One-factor-at-a-time method


One-factor-at-a-time method

The one-factor-at-a-time method (or OFAT) is a method of designing experiments involving the testing of factors, or causes, one at a time instead of all simultaneously. Prominent text books and academic papers currently favor factorial experimental designs, a method pioneered by Sir Ronald A. Fisher, where multiple factors are changed at once. The reasons stated for favoring the use of factorial design over OFAT are:

1. OFAT requires more runs for the same precision in effect estimation
2. OFAT cannot estimate interactions
3. OFAT can miss optimal settings of factors

Despite these criticisms, some researchers have articulated a role for OFAT and showed they can be more effective than fractional factorials under certain conditions (number of runs is limited, primary goal is to attain improvements in the system, and experimental error is not large compared to factor effects, which must be additive and independent of each other).[1][2] Designed experiments remain nearly always preferred to OFAT with many types and methods available,[3] in addition to fractional factorials which, though usually requiring more runs than OFAT, do address the three concerns above.[4] One modern design over which OFAT has no advantage in number of runs is the Plackett-Burman which, by having all factors vary simultaneously (an important quality in experimental designs),[5] gives generally greater precision in effect estimation.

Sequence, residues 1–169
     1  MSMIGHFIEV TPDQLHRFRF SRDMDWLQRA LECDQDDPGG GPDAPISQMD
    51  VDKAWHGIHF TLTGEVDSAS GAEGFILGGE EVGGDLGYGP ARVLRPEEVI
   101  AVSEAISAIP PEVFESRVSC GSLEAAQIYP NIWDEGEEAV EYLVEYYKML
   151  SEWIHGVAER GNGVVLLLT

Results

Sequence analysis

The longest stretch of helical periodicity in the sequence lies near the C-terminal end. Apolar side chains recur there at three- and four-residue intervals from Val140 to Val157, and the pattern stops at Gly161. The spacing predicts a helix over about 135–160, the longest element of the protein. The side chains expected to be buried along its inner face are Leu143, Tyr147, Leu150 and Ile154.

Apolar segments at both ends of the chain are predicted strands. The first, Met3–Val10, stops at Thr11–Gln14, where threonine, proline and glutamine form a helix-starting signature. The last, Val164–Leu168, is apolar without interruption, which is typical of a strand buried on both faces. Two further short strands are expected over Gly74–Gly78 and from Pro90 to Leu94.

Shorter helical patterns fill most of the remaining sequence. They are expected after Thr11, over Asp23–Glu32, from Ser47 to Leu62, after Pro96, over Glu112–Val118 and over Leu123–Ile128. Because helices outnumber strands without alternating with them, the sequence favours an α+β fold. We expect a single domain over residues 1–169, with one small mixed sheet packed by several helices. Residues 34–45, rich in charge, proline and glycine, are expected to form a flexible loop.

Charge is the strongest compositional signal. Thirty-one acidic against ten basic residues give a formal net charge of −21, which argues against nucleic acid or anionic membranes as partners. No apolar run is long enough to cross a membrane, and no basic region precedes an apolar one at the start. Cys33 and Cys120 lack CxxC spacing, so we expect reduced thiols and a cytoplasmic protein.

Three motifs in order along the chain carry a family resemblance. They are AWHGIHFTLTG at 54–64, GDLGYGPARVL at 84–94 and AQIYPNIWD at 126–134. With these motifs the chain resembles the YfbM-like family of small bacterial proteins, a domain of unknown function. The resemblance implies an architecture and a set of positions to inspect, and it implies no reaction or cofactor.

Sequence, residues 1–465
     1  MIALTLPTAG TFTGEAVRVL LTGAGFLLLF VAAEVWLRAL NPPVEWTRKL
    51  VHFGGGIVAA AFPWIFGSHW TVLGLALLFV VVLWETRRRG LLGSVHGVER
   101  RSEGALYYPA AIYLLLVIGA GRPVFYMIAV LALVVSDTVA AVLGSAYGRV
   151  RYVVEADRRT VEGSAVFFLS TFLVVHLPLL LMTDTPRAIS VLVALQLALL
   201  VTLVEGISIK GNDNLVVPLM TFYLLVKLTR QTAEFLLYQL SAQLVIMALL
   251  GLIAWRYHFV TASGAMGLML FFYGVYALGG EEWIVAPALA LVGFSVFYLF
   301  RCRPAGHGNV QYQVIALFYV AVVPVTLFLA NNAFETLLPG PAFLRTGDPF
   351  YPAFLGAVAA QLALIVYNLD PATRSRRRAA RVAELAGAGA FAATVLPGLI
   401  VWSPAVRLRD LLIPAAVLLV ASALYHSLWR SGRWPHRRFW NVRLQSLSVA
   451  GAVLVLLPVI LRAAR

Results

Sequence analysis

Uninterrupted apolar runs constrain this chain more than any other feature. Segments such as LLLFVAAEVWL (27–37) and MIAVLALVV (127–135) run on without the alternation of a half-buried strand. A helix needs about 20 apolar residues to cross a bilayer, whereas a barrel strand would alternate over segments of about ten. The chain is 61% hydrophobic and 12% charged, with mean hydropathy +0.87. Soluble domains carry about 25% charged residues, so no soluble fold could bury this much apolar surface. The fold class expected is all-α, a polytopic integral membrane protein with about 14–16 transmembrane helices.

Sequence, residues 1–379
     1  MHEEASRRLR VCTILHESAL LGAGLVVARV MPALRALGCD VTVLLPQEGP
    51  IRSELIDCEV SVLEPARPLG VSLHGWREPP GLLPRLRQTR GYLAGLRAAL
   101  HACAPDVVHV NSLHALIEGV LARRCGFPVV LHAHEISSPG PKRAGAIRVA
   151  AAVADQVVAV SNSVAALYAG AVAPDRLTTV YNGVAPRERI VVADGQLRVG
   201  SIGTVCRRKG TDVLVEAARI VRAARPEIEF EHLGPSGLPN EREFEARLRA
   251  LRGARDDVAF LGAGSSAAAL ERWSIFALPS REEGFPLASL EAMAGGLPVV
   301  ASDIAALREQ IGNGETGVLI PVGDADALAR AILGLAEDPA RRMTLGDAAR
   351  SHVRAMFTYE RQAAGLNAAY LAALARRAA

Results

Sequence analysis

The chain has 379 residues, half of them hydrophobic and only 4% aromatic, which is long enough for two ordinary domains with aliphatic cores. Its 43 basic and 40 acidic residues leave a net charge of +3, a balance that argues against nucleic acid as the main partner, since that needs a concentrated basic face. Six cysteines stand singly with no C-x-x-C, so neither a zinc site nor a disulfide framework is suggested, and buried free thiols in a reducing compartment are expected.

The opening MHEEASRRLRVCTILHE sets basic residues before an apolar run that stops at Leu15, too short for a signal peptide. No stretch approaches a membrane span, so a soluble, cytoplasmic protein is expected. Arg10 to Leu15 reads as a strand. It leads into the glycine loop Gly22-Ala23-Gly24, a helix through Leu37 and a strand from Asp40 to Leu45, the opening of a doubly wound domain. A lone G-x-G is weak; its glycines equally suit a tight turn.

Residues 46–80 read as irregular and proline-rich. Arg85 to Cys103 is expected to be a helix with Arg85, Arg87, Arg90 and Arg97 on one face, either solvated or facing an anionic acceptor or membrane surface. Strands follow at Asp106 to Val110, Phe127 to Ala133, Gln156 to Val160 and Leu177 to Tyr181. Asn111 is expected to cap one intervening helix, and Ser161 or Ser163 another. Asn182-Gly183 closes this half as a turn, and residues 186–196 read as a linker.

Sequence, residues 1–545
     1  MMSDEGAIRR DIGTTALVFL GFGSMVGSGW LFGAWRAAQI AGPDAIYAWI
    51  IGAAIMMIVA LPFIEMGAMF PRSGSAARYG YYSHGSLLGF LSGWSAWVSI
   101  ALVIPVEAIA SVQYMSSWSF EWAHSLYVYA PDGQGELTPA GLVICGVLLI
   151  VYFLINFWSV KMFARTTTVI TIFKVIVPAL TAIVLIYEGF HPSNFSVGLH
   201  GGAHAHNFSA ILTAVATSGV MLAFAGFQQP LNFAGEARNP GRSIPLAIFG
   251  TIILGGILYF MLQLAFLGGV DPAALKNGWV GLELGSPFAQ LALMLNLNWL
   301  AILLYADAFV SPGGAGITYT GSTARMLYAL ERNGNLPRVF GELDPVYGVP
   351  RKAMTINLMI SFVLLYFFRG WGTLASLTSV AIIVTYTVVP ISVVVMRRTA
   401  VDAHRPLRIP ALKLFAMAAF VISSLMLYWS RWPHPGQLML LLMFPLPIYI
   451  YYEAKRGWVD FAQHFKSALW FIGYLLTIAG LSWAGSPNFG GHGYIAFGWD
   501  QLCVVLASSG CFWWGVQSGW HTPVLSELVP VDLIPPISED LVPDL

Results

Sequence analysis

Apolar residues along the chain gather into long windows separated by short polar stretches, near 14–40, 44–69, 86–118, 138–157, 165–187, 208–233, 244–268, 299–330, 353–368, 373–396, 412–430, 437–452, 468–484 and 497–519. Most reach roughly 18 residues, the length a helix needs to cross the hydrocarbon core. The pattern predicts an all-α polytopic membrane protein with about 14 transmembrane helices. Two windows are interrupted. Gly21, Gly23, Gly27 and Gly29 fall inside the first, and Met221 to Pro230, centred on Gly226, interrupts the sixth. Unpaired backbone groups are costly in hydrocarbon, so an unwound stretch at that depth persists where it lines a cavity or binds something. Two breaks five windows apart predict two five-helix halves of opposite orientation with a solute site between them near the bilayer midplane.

References

  1. ^ Friedman, M., and Savage, L. J. (1947), “Planning Experiments Seeking Maxima,” in Techniques of Statistical Analysis, eds. C. Eisenhart, M. W. Hastay, and W. A. Wallis, New York: McGraw-Hill, pp. 365-372.
  2. ^ Daniel , C. (1973) ,“One-at-a-Time Plans,” Journal of the American Statistical Association 68, 353-360
  3. ^ See Category: Experimental design, at bottom.
  4. ^ Czitrom (1999) "One-Factor-at-a-Time Versus Designed Experiments", American Statistician, 53, 2.
  5. ^ Ibid. Czitrom.



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